Working on a Dream




Tuesday, October 30, 2012

Living with Courage

"What makes a King out of a slave? Courage.
What makes the flag on the mast to wave? Courage.
What makes the elephant charge his tusk in the misty mist or the dusky dusk? Courage.
What makes the muskrat guard his musk? Courage.
What makes the Sphinx the 7th Wonder? Courage.
What makes the dawn come up like THUNDER?! Courage.
What makes the Hottentot so hot? Courage.
What puts the "ape" in ape-ricot? Courage.  
Whatta they got that I ain't got? Courage!   You can say that again..."

The Cowardly Lion
 Winston Churchill said,  
"The first of all human qualities is courage.
The reason is because it guarantees all the others."

In John McCain's powerful book titled, "Why Courage Matters" , he tells an unforgettable story about about the University of Alabama's legendary football coach, Bear Bryant.
Before the start of every game, Bryant would walk the quarterback along the sidelines in silence. Then at just the right moment, he would turn to the young man and give him just two words of advice: "Be Brave."

It is pretty obvious why that would be good advice to a quarterback.
-Be Brave because you will have 11 violent men wanting to do nothing but rip your head off of your shoulders.
-Be Brave because you will face coaches that have studied you all week.
-Be Brave as you listen to thousands of opposing fans that want to see you fail.

When we think of courage, often we think of physical abilities like, Strength. Power. Agility.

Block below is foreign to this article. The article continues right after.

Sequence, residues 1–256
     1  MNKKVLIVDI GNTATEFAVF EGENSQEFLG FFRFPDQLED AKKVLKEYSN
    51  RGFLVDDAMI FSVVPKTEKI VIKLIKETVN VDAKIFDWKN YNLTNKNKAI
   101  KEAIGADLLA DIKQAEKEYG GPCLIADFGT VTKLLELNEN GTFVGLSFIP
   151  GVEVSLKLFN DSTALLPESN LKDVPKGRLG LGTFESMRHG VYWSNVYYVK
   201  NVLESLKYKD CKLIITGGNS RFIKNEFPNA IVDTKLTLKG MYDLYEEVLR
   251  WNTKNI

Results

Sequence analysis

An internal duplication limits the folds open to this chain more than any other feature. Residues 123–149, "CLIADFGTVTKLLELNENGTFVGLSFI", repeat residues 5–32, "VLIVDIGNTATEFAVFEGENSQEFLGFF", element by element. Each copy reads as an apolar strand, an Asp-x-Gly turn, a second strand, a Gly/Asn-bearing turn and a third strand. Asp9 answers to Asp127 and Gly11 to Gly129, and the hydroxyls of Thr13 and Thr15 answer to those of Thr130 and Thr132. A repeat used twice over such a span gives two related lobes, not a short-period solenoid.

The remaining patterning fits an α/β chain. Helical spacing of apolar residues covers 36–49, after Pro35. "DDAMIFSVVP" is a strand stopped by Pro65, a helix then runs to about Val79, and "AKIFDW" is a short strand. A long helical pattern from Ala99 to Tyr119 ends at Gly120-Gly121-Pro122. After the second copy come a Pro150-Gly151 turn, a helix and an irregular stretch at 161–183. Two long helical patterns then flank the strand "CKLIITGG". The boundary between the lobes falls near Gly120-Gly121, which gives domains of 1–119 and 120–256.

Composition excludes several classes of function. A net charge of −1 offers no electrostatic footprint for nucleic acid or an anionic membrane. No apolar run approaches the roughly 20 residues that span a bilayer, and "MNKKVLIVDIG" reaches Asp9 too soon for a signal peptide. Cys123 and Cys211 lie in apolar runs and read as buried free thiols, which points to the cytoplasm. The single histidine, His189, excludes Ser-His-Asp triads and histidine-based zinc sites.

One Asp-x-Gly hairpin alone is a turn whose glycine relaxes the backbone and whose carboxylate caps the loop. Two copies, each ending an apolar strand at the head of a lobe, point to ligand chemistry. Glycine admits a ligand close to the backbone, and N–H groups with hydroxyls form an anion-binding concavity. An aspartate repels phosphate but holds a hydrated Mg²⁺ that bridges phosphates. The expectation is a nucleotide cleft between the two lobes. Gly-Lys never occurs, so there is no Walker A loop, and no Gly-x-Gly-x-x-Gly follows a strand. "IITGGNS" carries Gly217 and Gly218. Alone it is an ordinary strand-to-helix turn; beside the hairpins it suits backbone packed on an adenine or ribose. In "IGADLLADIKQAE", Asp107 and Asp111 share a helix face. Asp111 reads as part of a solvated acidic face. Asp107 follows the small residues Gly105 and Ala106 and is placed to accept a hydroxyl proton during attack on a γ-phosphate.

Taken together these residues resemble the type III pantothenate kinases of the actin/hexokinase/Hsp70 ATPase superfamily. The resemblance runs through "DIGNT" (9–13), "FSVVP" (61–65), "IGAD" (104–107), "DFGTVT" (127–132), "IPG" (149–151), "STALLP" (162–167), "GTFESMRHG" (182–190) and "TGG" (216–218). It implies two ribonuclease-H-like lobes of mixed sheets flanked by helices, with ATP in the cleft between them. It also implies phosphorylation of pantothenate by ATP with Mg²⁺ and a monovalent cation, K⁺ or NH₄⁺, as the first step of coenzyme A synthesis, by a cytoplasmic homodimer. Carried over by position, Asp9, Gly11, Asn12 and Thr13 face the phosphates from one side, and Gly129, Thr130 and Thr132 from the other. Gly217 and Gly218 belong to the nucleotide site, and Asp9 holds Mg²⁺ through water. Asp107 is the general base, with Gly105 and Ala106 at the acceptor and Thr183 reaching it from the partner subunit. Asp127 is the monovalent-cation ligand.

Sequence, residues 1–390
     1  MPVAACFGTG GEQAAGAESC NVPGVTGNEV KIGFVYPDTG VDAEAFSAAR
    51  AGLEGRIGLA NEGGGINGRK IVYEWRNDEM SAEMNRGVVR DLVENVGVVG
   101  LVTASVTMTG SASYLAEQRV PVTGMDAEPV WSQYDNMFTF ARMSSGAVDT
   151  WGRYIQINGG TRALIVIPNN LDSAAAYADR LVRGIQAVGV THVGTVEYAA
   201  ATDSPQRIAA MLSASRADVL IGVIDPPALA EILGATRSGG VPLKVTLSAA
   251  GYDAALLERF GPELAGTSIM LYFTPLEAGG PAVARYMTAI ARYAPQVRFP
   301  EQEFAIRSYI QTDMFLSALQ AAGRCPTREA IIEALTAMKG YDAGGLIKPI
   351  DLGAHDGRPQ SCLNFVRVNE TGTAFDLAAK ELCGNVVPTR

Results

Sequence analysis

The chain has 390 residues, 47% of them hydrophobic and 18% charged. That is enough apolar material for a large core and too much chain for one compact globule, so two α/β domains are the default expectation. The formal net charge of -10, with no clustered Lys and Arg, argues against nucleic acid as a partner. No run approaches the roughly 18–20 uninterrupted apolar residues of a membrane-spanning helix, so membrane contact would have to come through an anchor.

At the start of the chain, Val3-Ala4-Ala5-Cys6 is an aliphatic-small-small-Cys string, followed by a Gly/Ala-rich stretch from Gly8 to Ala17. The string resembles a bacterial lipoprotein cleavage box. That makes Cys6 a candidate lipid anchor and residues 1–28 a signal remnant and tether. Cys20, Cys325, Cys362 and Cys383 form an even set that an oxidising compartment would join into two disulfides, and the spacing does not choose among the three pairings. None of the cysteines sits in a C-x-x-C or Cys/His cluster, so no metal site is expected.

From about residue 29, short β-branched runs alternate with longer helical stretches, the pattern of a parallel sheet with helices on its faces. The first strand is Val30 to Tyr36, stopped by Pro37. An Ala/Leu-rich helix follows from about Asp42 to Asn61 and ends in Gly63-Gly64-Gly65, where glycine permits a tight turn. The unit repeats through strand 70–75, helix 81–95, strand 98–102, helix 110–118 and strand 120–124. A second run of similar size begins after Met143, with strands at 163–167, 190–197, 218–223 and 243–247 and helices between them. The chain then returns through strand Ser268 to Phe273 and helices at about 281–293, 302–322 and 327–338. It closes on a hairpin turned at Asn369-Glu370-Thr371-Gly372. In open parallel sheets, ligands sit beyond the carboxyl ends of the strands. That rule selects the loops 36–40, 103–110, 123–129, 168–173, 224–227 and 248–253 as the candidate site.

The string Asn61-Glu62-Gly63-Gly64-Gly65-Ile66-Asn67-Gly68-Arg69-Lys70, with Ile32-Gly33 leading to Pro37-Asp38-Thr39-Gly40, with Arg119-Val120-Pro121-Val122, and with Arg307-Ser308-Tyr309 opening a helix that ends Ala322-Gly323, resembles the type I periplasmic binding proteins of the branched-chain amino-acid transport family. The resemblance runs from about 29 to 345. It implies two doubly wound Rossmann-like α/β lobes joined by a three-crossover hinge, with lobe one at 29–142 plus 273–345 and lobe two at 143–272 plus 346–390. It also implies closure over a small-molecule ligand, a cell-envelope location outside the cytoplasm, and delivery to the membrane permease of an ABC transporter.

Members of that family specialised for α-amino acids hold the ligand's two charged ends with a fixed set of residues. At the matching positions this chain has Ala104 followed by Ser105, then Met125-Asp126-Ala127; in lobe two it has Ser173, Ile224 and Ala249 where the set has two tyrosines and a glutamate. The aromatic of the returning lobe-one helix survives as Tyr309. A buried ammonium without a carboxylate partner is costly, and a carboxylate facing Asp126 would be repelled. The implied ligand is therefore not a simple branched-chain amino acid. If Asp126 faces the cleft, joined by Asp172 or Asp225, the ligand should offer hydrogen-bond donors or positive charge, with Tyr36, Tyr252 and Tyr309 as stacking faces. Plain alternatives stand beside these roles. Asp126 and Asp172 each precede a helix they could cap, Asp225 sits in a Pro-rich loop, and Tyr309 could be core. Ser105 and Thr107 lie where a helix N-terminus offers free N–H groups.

But there is another aspect of courage that a person must have at all times. That is moral courage.
Rare are the times when we will use our physical abilities to display our courage; Often will be the times when we will need to display our moral courage. John McCain said, "Have the courage to keep your virtue when facing unwanted consequences."
I would place a firm bet that John McCain knows a thing or two about what it means to have courage...

Time to open up:
I would like share a story that happened to me just this past weekend. My wife and I were in Pittsburgh for a concert and upon entering the parking lot the attendant said, "$20 please."
I handed him a 20 dollar bill, and he handed me back change and my ticket.

Later, I noticed that he gave me back $20.

All throughout the concert the moral decision weighed on my mind & heart. Do I go back to the attendant and tell him the truth? Or do I pass him by on the walk of shame to my car?

Right after the concert ended, I walked straight to the attendant, and told him that the person taking my money made a mistake and gave me my money back.

My wife asked me what was my motivation for telling the truth on the way home.
I told her the following:
1. Jesus said, "If you cannot be trusted with the small things, then you cannot be trusted with the larger things." So yes, you better sweat the small stuff, because the small stuff makes up the big stuff. Listen, my faith is defined not by what I do in the light, but what I do in the darkness.  Bearing that in mind, it takes a courageous person to live an integrated life.

2. My integrity costs way more than a mere $20. It was Saturday night, and all I could think about was Sunday morning and facing the congregation.  I could not get up in front of the church and be a phony-baloney.

How did I feel afterward?
To be honest, I felt like a weight was lifted off my shoulders. I felt like I could stand a little taller, breathe a little easier and walk a little prouder.

This is what courage does for a person.
This is what courage will do for you.

1 comment:

Ann Mullen said...

Good job, Anthony. I know you guys could use the money, but you knew you needed your integrity more. Once we got over $100 change back when we were poor college students and we went right back into the store and got it straightened out. It was the only way to solve that decision. The clerk would have gotten into lots of trouble for having a cash drawer that didn't balance. He might have had to pay it back.